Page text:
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The stories that made a difference in 2021

Impact is a hard thing to measure. What impact did Age journalism have this year? What difference did we make? I view journalism as a public service, so did we serve our community – especially our subscribers – well?

Impact can be an individual thing. An investigation that exposes wrong-doing. An opinion article that encourages someone to think differently. A photograph or video that moves. A cartoon that skewers the pompous. A data dive where you can find out what is relevant to you. An Explainer that for the first time makes you understand a complex issue. A recipe you discover that becomes a favourite.

For the second year in a row, we have published The Age’s Impact Report, laying out in one place the best of our work this year, and the consequences of our journalism. I would say this, but I am intensely proud of Age journalism this year, and of all our staff who – once again – published a daily website and newspaper almost entirely from home. In The Age’s 167-year history, 2021 and last year will be remembered as a remarkable period for Melbourne and Australia, a time we won’t forget.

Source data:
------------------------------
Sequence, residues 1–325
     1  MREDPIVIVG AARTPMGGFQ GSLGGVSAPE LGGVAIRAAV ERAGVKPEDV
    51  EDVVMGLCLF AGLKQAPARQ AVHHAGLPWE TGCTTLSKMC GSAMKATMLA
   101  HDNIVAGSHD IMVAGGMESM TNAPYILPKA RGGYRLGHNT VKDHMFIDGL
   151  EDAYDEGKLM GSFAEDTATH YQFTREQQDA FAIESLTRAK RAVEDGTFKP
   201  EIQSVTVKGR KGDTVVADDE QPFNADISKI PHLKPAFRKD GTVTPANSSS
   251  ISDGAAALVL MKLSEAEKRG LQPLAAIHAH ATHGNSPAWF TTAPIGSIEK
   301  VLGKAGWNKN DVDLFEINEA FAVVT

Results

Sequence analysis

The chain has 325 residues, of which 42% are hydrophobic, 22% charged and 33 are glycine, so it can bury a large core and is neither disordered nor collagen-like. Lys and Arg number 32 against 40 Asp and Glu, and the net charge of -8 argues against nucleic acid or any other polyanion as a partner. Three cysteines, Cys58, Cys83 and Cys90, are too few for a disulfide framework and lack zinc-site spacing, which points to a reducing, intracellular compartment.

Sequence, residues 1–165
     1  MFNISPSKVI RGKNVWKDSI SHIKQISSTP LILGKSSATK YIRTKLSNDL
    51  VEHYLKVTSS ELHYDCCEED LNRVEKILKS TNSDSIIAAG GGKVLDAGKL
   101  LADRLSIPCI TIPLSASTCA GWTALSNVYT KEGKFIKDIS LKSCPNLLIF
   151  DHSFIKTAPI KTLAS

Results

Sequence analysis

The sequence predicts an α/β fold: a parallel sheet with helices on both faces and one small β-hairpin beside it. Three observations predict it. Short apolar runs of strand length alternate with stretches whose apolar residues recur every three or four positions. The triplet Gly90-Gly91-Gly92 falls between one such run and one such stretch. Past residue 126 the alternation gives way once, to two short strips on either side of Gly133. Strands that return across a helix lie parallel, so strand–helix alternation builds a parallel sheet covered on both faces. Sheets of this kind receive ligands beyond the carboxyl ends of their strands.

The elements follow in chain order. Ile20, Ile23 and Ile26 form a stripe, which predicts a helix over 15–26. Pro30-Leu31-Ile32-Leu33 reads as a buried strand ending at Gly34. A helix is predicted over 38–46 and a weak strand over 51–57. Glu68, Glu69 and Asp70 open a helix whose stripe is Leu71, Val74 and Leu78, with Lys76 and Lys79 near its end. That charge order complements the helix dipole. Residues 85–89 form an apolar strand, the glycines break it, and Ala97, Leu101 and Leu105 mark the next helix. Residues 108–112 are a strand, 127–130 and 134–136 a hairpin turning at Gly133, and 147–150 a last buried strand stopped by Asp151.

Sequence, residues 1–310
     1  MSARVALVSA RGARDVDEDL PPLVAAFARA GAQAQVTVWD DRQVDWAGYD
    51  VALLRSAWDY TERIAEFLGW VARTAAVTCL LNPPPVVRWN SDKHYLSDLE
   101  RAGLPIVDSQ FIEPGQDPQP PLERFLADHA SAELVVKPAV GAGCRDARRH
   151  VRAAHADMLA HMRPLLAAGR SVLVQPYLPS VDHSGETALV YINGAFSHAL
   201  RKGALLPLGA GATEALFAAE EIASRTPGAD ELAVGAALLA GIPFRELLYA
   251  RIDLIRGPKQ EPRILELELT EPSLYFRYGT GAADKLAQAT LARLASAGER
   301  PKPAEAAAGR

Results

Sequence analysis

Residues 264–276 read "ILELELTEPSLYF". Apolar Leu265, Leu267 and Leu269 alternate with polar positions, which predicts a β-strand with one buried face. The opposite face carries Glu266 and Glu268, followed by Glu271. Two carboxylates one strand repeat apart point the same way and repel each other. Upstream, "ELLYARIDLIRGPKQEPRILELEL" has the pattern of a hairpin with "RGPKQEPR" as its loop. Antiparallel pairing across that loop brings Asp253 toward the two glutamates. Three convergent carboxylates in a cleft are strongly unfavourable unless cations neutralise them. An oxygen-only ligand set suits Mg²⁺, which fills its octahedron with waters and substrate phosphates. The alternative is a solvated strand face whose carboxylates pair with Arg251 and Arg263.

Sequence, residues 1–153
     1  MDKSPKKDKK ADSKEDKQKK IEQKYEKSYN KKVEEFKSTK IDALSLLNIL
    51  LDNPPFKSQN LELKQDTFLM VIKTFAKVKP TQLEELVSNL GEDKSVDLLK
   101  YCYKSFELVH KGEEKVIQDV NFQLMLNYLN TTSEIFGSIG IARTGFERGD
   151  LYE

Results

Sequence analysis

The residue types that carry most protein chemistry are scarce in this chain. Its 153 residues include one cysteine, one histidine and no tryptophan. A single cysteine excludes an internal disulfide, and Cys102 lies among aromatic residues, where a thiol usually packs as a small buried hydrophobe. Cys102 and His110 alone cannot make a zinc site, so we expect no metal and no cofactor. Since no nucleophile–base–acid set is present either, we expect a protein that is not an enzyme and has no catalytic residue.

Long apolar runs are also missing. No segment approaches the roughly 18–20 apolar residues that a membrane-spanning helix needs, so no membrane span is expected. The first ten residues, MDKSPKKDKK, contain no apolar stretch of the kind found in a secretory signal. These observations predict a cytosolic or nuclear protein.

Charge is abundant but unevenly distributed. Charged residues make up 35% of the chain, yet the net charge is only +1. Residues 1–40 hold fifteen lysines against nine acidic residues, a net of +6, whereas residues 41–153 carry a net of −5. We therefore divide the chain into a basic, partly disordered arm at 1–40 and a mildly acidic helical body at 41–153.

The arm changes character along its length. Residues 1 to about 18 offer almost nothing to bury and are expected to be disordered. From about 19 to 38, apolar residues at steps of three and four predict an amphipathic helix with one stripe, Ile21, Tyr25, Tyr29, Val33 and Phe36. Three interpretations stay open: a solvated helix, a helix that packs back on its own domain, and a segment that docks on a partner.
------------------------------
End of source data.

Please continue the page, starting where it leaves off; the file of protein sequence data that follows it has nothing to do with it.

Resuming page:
It has been our privilege to chronicle the first draft of that history. The Age is the most authoritative and best-read masthead in the state, with a reputation for fairness and for publishing a diversity of views on the most complex and intriguing issues of our times.

I had lunch with our health team recently – Aisha Dow, Melissa Cunningham and Timna Jacks – and they said they could not imagine a better time to be health journalists because the issues matter to people and the responsibility to be fair and accurate has never been greater. As science reporter Liam Mannix writes in the Impact Report: “All along, we stayed sceptical and focused on the evidence. We resisted the temptation to be populist or panicked.”

There are little things that have an impact every day, and the big things that expose corruption, reveal systemic wrongs and lead to change in the public interest. This is difficult, time-consuming, expensive journalism and I know of no other media organisation doing it better and with more rigour than The Age.

The Age’s commitment to investigative journalism is long-standing. Nick McKenzie, the Graham Perkin Journalist of the Year, spent months researching the far-right in Australia, and his reporting in The Age and on 60 Minutes was groundbreaking. This type of journalism takes courage. “It has not been an easy reporting task,” Nick writes. “Since publication, the reporters involved have received threats. My photo has been circulated in extremist chat rooms with a noose above my head, and I have been viciously trolled for my Jewish heritage.”